Furnace Vent Pipe Types: Ventilation Safety & Efficiency
Ventilation works by replacing stale indoor air with fresh outdoor air. Infiltration is air that accidentally enters and escapes your home (through air leaks, for instance). Significant air leaks can compromise comfort, indoor air quality, and energy efficiency. Learn how to insulate and winterize your home.
Every furnace needs a working ventilation system to expel odors, gases, particles, and even moisture. In order for a furnace to operate safely and efficiently, there must be a ventilation line (flue) to remove dangerous combustion gases from the home. If you have a problem with your furnace ventilation system, you could be leaking carbon monoxide, nitrous oxides, and other harmful gases into the home. You also need a separate intake valve that pulls air in from the outside.
WARNING: Any fuel-burning product NEEDS ventilation. Carbon monoxide is of particular concern since it is an odorless and colorless gas. Remember to test your smoke and carbon monoxide detectors every 30 days. Learn more about carbon monoxide on the EPA's website. If you notice condensation on your flue, call a professional right away. Never conduct DIY work on your ventilation system. There are many local and national restrictions that require professional training and expertise.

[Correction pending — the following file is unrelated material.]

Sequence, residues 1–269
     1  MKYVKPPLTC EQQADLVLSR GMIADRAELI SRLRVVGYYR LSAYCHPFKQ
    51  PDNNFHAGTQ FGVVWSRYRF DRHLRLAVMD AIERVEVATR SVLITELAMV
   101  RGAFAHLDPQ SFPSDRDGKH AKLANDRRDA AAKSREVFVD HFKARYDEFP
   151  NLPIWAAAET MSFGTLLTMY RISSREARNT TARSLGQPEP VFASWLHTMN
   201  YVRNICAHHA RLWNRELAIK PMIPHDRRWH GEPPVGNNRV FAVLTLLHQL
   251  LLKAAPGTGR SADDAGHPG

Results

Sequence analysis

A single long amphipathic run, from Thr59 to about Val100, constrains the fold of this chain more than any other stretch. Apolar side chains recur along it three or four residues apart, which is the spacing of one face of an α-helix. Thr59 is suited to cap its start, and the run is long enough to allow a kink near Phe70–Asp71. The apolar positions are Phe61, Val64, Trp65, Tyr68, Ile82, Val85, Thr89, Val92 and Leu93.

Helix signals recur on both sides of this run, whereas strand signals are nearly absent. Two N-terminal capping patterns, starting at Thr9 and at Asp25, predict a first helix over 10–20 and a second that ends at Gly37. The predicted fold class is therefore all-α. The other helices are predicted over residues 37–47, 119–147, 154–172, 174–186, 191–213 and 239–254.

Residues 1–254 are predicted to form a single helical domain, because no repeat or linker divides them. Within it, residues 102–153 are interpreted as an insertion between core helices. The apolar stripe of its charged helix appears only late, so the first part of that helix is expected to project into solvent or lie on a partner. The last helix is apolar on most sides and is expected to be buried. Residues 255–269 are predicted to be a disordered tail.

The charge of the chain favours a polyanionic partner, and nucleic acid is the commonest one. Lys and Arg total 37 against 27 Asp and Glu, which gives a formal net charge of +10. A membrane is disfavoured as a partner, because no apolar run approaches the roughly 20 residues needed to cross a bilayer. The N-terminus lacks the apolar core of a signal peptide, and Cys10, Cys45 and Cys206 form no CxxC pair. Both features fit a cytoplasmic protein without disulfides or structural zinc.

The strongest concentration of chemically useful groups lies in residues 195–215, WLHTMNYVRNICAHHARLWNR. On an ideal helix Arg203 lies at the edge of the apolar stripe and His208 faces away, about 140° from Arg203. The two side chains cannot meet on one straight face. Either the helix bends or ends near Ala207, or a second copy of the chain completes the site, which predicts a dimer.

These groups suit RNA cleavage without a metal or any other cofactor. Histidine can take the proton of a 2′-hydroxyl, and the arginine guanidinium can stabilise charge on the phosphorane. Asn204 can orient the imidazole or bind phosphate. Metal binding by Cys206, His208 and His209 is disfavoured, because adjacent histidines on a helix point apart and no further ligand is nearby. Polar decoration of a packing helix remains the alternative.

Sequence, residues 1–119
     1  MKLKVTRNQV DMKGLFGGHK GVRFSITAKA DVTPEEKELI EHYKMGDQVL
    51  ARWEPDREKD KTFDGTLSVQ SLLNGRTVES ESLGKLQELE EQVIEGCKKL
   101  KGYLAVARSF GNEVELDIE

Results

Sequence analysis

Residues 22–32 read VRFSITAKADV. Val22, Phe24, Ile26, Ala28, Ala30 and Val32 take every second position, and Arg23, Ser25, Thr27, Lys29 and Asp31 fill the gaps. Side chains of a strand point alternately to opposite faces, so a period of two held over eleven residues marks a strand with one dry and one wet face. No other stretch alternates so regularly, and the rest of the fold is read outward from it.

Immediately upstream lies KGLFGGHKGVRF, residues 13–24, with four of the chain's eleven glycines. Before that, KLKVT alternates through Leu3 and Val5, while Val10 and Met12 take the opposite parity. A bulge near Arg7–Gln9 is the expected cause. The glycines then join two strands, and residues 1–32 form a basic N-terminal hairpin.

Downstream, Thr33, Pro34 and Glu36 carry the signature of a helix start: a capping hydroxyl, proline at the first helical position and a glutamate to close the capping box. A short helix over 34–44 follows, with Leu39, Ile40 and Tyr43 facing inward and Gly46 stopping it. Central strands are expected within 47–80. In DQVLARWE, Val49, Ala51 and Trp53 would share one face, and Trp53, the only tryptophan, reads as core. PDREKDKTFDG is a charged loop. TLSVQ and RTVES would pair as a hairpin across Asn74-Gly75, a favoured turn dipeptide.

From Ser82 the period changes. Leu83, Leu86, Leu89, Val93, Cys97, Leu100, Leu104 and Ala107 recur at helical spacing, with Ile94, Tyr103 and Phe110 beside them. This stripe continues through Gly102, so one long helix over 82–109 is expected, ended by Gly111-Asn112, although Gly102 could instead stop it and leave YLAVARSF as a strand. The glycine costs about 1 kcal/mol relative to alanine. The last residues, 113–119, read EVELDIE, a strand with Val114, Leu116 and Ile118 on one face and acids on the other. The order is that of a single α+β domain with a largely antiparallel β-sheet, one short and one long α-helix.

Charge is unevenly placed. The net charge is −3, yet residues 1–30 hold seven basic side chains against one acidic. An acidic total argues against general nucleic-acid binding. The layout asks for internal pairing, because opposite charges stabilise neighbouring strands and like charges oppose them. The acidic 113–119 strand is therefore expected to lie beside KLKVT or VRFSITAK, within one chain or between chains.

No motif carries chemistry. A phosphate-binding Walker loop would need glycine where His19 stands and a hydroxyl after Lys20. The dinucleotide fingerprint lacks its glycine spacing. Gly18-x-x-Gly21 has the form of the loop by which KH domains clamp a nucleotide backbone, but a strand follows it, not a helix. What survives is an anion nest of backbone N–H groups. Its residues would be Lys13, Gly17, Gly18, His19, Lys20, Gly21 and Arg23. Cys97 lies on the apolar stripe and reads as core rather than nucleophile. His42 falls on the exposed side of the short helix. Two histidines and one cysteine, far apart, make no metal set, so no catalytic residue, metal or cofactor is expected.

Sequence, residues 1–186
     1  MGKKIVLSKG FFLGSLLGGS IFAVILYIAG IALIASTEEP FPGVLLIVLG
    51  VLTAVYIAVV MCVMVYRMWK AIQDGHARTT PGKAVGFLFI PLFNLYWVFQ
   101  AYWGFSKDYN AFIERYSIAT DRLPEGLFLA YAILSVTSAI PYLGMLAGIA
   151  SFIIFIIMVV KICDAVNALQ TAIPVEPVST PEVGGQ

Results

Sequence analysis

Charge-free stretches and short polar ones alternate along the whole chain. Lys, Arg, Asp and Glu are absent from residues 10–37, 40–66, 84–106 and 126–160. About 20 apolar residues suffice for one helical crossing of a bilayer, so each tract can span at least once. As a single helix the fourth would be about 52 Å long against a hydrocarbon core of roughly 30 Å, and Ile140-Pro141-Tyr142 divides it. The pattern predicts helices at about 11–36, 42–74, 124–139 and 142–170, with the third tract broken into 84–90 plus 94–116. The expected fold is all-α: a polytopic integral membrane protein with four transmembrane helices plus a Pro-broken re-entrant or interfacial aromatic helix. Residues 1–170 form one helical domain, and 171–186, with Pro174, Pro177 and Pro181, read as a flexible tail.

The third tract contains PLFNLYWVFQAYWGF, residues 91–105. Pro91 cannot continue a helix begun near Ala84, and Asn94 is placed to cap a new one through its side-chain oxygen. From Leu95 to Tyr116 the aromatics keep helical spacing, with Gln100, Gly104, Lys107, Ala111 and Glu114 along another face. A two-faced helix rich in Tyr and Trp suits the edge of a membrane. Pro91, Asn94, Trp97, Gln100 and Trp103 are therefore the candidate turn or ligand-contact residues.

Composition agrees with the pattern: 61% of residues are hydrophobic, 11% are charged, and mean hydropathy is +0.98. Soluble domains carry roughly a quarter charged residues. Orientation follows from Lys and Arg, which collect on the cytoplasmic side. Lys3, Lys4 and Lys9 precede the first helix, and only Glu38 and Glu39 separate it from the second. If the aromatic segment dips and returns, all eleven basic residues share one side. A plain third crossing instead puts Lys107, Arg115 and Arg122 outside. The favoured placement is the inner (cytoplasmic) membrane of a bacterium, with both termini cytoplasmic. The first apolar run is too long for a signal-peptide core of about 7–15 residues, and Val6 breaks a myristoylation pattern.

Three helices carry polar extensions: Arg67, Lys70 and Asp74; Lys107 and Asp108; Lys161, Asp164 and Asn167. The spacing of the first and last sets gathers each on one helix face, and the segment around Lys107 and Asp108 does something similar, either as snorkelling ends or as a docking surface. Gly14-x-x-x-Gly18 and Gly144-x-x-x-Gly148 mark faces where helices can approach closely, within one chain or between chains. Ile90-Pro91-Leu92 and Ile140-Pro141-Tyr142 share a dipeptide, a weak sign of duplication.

Furnace Ventilation Systems
There are two main types of furnace ventilation systems available to you: natural and direct. In order to control the air that comes in and out, your ventilation system needs to be designed for your home and layout. Not any one ventilation method is best. It depends on your home.
Most furnaces use natural ventilation. The reason why it is called "natural" is because the pressure created by your system naturally lifts and expels the flue gases out of the flue. The hot combustion gases expand and get lighter as the cold air entering the furnace enters at a higher pressure. The pressure differential creates a natural way for the gases to exit the flue.
The air rises enough to get expelled through your roof. These systems are very common, and if you take a look at the roofs of your neighbors, you will see that most of them have a furnace flue ventilation pipe sticking up.
One common problem with natural ventilation, however, is the risk of back-drafting. Sometimes air and combustion gases are pulled back into the home, raising safety and efficiency questions. Ask your HVAC technician to inspect your natural ventilation system for signs of back-drafting.
Another problem is that flue pipes that go through the roof tend to be less efficient. If your furnace has an AFUE rating of 90% or lower, it probably exhausts the gases though the flue pipe on your roof.
High-efficiency furnaces take advantage of the heat in the combustion gases that are wasted in natural ventilation systems. The combustion gases in higher efficiency units are sent to a second heat exchanger to extract heat before getting released.